Should your teen's partner sleep over?
Talking about sex with teenagers is something most parents find difficult; the teenage years are tough on both teens and parents. One topic that often comes up is when teenagers are allowed to have their boyfriend or girlfriend stay the night.
Attitudes can vary widely depending on nationality. One country that has a very relaxed attitude is the Netherlands. Two-thirds of Dutch parents allow their 16 and 17-year-old children to sleep with their partners in their homes. Dutch parents' stance on teen sex was compared with that of American parents in a survey, Sex, Love and Autonomy in the Teen-age Sleepover, conducted in 2003 by Amy Schalet, who was born in the US but grew up in the Netherlands.
Schalet, is now associate professor of sociology at the University of Massachusetts, Amherst, and the author of Not Under My Roof: Parents, Teens and the Culture of Sex. The book offers an "intimate account of the different ways that boys and girls in two different countries negotiate sex, love and growing up".
The differences between the cultures, and between the parenting styles in each country, are many, but one of the most important is the attitude towards sex.
Dutch parents tend to downplay the dangerous and difficult sides of teenage sexuality; they normalise it. They believe in a process of becoming physically and emotionally ready for sex and that young people can self-regulate, if they are encouraged to pace themselves and prepare adequately.
Unlike American parents who are often sceptical about teenagers' capacities to fall in love, Dutch parents assume that teenagers can. They permit sleepovers, even if that requires an adjustment period to overcome their feelings of discomfort, because they feel obliged to stay connected and accepting as sex becomes part of their children's lives.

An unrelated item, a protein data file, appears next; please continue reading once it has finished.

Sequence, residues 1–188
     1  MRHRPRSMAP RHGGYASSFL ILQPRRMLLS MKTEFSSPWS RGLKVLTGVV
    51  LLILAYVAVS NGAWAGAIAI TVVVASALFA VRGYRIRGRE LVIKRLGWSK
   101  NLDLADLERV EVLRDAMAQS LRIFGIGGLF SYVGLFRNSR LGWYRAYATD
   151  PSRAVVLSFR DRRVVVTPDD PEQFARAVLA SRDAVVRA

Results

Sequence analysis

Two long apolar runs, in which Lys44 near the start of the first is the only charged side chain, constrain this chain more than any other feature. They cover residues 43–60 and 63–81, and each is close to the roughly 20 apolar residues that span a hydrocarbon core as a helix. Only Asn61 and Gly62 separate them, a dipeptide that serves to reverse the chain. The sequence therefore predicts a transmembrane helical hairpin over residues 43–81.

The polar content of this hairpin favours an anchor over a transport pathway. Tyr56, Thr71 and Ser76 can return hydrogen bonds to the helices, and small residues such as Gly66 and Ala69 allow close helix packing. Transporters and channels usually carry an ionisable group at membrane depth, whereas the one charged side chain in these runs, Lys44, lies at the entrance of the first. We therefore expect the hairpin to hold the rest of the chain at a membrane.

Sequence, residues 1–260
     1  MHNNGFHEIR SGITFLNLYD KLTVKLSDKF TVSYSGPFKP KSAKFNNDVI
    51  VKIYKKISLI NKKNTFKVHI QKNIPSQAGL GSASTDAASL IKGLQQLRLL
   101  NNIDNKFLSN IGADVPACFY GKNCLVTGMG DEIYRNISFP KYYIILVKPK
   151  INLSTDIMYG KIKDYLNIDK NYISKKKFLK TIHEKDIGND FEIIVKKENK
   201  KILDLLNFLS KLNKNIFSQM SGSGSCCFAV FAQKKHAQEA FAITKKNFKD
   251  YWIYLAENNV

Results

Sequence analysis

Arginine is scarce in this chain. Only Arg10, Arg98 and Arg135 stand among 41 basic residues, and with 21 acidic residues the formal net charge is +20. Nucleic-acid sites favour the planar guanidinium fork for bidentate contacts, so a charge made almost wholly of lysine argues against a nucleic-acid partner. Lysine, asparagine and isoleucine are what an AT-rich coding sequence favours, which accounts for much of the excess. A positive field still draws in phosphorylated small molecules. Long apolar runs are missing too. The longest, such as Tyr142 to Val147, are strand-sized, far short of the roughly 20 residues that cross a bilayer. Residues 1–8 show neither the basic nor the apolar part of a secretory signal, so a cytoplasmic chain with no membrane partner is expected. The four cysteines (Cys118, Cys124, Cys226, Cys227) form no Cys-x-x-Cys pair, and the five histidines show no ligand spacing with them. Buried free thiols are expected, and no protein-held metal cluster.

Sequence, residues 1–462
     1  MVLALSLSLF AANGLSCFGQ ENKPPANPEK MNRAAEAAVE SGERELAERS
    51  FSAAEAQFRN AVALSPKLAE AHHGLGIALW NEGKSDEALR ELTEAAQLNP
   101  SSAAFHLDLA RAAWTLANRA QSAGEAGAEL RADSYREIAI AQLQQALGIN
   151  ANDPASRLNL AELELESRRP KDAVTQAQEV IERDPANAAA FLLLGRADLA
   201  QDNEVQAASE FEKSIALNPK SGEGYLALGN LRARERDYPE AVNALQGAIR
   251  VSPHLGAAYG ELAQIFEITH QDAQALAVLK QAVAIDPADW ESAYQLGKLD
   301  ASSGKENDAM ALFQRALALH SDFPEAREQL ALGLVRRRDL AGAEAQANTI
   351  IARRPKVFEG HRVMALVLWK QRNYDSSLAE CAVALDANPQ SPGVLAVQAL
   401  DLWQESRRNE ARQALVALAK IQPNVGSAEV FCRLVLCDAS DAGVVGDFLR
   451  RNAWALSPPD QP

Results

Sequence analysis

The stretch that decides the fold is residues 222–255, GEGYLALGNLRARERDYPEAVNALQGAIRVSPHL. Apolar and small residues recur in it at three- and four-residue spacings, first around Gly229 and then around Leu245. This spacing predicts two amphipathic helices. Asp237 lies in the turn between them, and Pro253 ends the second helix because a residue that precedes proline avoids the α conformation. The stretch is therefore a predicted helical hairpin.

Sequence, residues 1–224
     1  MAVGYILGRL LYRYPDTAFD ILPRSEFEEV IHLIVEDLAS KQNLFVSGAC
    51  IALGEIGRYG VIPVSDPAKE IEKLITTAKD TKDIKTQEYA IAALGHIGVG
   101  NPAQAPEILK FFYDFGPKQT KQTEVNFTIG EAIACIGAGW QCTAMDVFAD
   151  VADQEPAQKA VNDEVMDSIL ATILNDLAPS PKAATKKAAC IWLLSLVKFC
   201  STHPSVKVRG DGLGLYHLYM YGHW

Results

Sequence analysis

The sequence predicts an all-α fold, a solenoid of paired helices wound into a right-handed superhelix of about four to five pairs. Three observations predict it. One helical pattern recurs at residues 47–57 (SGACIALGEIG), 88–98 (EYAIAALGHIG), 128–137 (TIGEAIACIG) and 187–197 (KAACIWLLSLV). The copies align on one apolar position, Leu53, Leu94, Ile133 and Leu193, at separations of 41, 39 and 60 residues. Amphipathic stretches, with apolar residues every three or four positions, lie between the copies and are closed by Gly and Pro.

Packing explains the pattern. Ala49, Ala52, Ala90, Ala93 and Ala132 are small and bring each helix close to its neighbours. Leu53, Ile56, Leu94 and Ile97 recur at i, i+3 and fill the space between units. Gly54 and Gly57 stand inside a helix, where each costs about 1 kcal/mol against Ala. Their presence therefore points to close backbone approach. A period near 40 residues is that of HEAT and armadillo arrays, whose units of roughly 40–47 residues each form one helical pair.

Teenagers in the Netherlands tend to wait longer before having sex, have fewer partners and use easily-acquired birth control consistently and correctly, resulting in much lower rates of teen pregnancy and abortion.
The main reason for this is that the country has a liberal attitude towards sex, and teen sex education is based on an assumption that young people are curious about sexuality and have a right to accurate and comprehensive information. Educational materials at schools are characterised by clear, direct and age-appropriate language and attractive designs. The leading message is: if you are going to have sex, do it safely.
The world over it would be great if parents could sit down with their children and discuss sex-related issues. But most parents are ill-equipped to do that; they feel uncomfortable and embarrassed and they don't really have the knowledge, either. Things have changed a lot since they were young.
Children and teenagers should get age-appropriate information as part of their school curriculum. As a parent it is advisable to have back-up information ready to give them and to educate yourself. Think of sex education as an ongoing project - if children know they can talk to parents about issues that are important to them, they will.
An excellent Australian DVD called The Talk is available for parents and their teenage children, presented by Melbourne comedian Nelly Thomas. It features talks about sex and relationships in a frank, informed and non-threatening way. And Sarah Tarca, editor of popular teenage magazine Girlfriend teamed up with Professor Alan McKee from Queensland University of Technology to co-edit a publication, Girl-friend Guide to Life, which is a great resource that covers all aspects of emotional, physical and mental development in teen girls.
Another fantastic source is the newly published book Loveability, written by Nina Funnell and Dannielle Miller, an empowering advice book for teenage girls, which treats them as responsible, intelligent human beings. It's also a must-read for teenage boys and has a chapter with useful websites, organisations and books.
But back to the sleepover dilemma: Kiwi parents should take notice, why create a situation where your children are forced to hide, sneak around, be dishonest, be uncomfortable, take unnecessary risks and make uninformed decisions about their physical and emotional health?
If you want your teenagers to be safe, don't close your eyes or hope they won't have sex - they just might!
Sydney Morning Herald